The very look, the personal appearance of a gentleman is expressive of mildness, kindness, sympathy; his glance is lighted up by his readily entering into the pleasure, or mirth or gaiety of others. His aspect is grave when seriousness is proper; it is sad and indicative of sorrow when holding communion with one who is in sorrow, grief, or trouble, for he seeks to evince his sympathy that the expression of his countenance, his every movement shall bear its stamp.
Towards females, expecially, a gentleman’s manner, tone, look, whole bearing are courteous and deferential; he regards them as the leaven of human society, the poetry of life, the representatives of goodness and affection, of gentleness and courtesy, of forbearance and forgiveness, the softeners of the little asperities, the incidental bitterness of life’s pilgrimage, the ameliorating material tempering and mollifying man’s rougher portion of nature’s human compound, the stay and comforters, the encouragers and refuge of man in his hours of trouble, the fount of his being and pristine nourishment, the teachers of his early years, the formers of his manners, and the faithful founders of his morals. And as such he reverences and venerates them, and in all his demeanor shows that he esteems them the better as well as the lovelier portion of humanity, entitled of right to every outward demonstration of his regard.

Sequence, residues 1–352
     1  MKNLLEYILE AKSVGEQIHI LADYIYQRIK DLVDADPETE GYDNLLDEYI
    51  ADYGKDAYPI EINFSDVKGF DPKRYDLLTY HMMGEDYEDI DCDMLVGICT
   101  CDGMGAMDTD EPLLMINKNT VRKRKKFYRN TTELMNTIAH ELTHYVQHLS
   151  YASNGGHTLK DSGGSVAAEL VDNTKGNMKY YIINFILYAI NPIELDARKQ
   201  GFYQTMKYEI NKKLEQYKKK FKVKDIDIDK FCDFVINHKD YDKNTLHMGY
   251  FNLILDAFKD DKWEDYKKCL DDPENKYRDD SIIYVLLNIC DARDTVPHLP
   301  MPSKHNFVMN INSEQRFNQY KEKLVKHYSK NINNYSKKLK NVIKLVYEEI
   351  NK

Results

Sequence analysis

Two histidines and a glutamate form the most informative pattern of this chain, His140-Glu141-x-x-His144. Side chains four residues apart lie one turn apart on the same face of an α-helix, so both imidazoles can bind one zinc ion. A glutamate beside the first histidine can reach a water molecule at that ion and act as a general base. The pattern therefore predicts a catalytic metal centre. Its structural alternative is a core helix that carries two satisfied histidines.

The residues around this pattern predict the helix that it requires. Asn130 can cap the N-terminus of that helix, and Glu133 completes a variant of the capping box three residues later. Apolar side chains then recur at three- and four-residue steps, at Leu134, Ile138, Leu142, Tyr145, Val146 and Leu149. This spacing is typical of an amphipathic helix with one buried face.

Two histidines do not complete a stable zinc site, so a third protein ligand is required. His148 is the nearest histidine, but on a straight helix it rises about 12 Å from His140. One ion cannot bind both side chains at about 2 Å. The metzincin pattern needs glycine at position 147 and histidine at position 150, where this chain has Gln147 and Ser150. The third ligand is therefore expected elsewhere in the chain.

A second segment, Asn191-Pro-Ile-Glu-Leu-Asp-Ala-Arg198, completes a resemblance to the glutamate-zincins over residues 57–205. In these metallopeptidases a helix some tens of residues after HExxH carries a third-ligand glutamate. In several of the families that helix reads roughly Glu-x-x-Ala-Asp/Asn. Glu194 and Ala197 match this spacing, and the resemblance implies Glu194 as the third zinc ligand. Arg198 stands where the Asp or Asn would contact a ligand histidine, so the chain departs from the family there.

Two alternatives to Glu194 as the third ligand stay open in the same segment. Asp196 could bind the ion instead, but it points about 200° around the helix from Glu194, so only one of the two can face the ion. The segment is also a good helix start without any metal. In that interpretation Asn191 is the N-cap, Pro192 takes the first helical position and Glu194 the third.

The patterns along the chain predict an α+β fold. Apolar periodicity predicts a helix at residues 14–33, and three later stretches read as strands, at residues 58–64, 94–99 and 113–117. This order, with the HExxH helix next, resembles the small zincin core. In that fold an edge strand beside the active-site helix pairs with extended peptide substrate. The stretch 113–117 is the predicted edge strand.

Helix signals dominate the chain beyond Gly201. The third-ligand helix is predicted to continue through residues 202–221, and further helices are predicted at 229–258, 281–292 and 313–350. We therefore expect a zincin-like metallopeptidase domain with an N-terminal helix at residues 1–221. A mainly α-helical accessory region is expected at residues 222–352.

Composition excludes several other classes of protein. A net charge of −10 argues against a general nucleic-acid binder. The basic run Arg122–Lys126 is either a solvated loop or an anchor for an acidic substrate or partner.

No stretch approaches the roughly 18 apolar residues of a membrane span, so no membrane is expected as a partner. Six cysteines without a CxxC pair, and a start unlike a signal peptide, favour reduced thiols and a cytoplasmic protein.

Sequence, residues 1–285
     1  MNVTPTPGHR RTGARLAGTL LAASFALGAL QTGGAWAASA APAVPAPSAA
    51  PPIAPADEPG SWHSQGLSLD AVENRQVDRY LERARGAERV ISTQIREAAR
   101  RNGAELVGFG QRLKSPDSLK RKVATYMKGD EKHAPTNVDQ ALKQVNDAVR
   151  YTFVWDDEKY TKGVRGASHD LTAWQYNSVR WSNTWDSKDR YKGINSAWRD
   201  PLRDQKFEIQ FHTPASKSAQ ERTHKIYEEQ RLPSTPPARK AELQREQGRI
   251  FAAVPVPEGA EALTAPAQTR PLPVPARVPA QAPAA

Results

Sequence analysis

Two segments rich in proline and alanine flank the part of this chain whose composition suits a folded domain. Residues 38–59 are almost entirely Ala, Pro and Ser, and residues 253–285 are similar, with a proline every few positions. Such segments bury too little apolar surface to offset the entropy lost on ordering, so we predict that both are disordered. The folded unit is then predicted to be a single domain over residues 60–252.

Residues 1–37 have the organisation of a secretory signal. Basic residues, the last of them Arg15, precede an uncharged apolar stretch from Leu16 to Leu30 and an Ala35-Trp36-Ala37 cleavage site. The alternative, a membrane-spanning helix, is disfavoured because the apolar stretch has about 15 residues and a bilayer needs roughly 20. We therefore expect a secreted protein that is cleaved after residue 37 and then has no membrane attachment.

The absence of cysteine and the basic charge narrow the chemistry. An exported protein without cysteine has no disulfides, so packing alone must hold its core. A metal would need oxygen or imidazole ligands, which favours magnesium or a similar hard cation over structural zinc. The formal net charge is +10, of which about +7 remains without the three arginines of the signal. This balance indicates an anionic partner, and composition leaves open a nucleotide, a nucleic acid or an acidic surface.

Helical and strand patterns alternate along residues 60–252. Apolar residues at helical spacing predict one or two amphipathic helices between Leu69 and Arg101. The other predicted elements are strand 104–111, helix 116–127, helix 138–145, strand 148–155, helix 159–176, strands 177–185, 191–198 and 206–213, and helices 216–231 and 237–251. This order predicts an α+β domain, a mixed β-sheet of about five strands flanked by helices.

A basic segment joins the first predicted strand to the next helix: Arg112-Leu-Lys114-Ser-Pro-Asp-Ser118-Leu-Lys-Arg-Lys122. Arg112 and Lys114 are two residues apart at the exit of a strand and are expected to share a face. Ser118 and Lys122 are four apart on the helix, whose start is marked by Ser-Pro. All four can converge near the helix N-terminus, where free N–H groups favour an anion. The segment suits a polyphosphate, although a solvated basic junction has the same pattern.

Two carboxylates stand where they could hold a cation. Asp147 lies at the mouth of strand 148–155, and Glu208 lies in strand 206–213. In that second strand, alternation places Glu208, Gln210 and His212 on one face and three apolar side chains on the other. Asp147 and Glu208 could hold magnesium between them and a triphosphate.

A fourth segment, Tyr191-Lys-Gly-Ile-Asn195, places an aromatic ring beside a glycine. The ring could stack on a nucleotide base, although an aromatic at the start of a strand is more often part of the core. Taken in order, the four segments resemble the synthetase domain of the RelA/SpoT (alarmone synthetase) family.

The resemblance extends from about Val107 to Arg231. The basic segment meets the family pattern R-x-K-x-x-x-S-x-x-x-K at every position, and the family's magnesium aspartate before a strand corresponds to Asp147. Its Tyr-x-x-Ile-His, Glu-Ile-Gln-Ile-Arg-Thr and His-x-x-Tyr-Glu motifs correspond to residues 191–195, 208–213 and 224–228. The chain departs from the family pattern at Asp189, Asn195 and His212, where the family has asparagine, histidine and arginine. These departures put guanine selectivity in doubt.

He remembers that it was a woman who bore and nursed him, who taught hiss little feet to walk, who trained his infant tongue to words and language, upon whose breast he confidingly reposed when weary, with whom he found safe refuge in his infantile cares and troubles, who first taught his lips to utter prayer, who listened patiently to his childish murmurs, and took joyous part in his exuberant mirth; who has been constant and ever watchful beside his cradle when a babe, his couch in more advanced years; whose soft, white hand so oft has smoothed his fevered brow, has gently wiped away his boyish tears, untiringly has ministered to his comfort; who has sympathized in his little joys and sorrows, has been the never-failing source of love, and care, and tender consideration for all his wayward, heedless, childish movements. That it is woman, who it may be, is destined to be the sweet companion of his life, the unwearied watcher in his last illness, the sincere, heart-sorrowing mourner at his tomb; and in remembrance of all these, he loves and holds in reverence all her sex, and to them especially shows all courtesy and deference.